Justin Phongsavanh: They’re watching it. They’re watching it. They got all eyes on it.

Alison: And you couldn’t feel if it moved, so you can’t even argue.

Justin Phongsavanh: They have to also have a camera on it. I mean, I’m yeah, I’m, I’m popping it left and right. It’s in every camera angle has got every view of my rear end.

And so but I, I go above and beyond and I, I use two straps on my hips to sink my hips in and also make sure that, uh, my crack isn’t showing because that’s my biggest fear.

Alison: I’m just thinking about the cameras, the multi view angle here.

Justin Phongsavanh: There’s a lot there. I’m not even kidding when I say there’s one on every knee and then there’s probably one in each cheek.

Alison: So in able bodied javelin, there’s multiple rounds and people are going on and off the field. How does that work with, with you being strapped in?

Justin Phongsavanh: Yeah, so this is the one part of seated throws that’s a little bit different is because of the setup time it takes to strap in the chair, get the chair out, put the new chair in, you do all six throws right away. So you have four minutes to get into the chair and warm up. Then you have one minute to throw the javelin.

And then when they bring the javelin back or another javelin touches your hand, you have a minute to throw it. So basically the competition after the chair set up, you’ve done warmed up will be seven minutes. Thanks. In total, because you get a one minute break between three and four. Also in my car, in seated throws, you are not allowed to talk to any coach that is on the field with you.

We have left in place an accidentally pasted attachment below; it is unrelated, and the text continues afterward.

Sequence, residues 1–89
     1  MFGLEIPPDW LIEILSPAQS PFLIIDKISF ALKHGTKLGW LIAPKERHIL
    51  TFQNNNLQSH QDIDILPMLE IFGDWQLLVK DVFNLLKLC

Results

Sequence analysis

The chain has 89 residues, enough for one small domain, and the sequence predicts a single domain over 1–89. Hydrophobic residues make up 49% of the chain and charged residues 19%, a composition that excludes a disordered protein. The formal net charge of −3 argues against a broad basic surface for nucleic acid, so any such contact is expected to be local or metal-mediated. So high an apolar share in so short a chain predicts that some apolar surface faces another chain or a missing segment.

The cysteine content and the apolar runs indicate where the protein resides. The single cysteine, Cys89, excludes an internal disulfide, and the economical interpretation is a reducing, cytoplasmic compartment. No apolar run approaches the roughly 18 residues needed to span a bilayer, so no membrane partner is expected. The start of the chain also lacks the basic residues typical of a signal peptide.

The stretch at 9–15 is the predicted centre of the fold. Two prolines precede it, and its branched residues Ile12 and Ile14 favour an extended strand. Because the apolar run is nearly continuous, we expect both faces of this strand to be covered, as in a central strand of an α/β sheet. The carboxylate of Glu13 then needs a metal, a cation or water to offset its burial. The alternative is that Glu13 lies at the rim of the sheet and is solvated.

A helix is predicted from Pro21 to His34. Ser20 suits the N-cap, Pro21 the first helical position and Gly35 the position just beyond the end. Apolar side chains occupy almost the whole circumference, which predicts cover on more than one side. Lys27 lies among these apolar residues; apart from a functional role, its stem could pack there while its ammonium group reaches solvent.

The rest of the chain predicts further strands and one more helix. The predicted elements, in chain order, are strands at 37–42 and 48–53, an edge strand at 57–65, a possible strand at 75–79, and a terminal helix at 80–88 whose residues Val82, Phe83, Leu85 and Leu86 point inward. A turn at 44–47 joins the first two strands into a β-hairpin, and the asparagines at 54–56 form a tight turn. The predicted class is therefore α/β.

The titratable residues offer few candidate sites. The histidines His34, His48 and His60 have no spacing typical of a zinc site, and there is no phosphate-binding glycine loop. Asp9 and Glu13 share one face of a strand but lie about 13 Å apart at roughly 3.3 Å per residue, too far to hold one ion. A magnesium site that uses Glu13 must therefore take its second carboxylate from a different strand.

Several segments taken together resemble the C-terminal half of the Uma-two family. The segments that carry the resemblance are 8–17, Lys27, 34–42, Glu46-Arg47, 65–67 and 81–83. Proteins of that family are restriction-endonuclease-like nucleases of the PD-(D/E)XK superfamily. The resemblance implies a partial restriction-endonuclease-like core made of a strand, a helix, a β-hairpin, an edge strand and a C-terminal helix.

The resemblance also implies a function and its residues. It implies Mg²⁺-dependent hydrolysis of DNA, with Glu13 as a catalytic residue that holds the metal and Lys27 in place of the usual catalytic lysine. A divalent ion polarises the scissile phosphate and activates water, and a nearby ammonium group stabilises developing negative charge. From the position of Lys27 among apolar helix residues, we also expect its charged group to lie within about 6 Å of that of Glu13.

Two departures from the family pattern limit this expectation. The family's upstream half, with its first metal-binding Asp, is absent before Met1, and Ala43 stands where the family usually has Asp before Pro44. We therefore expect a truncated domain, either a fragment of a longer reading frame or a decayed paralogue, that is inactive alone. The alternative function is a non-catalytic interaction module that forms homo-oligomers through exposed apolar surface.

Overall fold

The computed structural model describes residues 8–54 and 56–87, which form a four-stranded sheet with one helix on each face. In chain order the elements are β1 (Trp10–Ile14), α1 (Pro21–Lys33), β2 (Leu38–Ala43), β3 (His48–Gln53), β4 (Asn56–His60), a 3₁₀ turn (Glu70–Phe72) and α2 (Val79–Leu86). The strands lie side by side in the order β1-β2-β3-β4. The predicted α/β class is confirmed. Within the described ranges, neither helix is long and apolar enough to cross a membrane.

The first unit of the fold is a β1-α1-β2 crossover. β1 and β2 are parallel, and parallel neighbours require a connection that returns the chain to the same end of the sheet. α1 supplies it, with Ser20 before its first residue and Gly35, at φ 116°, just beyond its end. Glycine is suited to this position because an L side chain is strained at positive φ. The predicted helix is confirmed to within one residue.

So I’m going to allowed in attendant. And so they can help me get into the chair, get strapped in because of my disability and how high of a level it is. My, my class and more severe classes allow that. Anything above my class does not. So you’re not allowed in attendant and I can’t talk to my coach. She helps me get set up and she sits behind me.

Can’t talk at her. Can’t listen to her. Can’t do anything. It’s just me javelin and that’s it.

Alison: So making adjustments between throws has to be extremely fast.

Justin Phongsavanh: Absolutely. It’s, that’s the one thing that separates good from great athletes is being able to deduce a throw and be able to analyze and apply it to the next throw.

Jill: How long did it take you to develop that skill?

Justin Phongsavanh: I just did it this year and I’ve been doing this a while. It’s a, it’s a continuous thing. You can’t coach it. It’s really you can coach it to a degree of being like, throw went like this as a result of this. And so you can get that knowledge, but when you’re in competition, things get sped up, adrenaline gets kicked in.

You start moving faster. You kind of go blank minded, , because you’re moving so fast. And so now you have to pull yourself back into. reality and be like, all right, what, why is it doing this? Why are my throws going like this? How can I fix it? And then you have to do it. And I think this year was finally the year that I was able to gain more knowledge of the throws and able to analyze more throws and apply it.

Alison: Cause you got to do it so fast. You have

Justin Phongsavanh: to do it so fast. You got a minute. It’s not a lot of time to think.

Jill: When you had to throw all of your throws at once. How do you develop mindset for competition? Do you want to be first? Do you want to be, do you want to have knowledge of what other people doing?

Because there’s no way to say, Oh, that one was bad. I’m going to see how everybody else does and then do my next throw. Or is that also helpful because you can just focus on yourself?

Justin Phongsavanh: I preferably, and I mean, I can’t, I haven’t talked to my other competitors about this, I personally like being last.

If I know what I need to throw, I can go and chase it. If I have to set the standard of the whole meat and I have to sit there and wait 45 minutes to an hour until the competition’s done, that’s a lot of anxiety, just sitting there hoping no one passes you. And so I prefer to be last. I’ve never had to go on, go first.

It’s totally random order. And so I’ve been lucky enough, like in Tokyo, I was last, so I knew what I needed to throw and everything.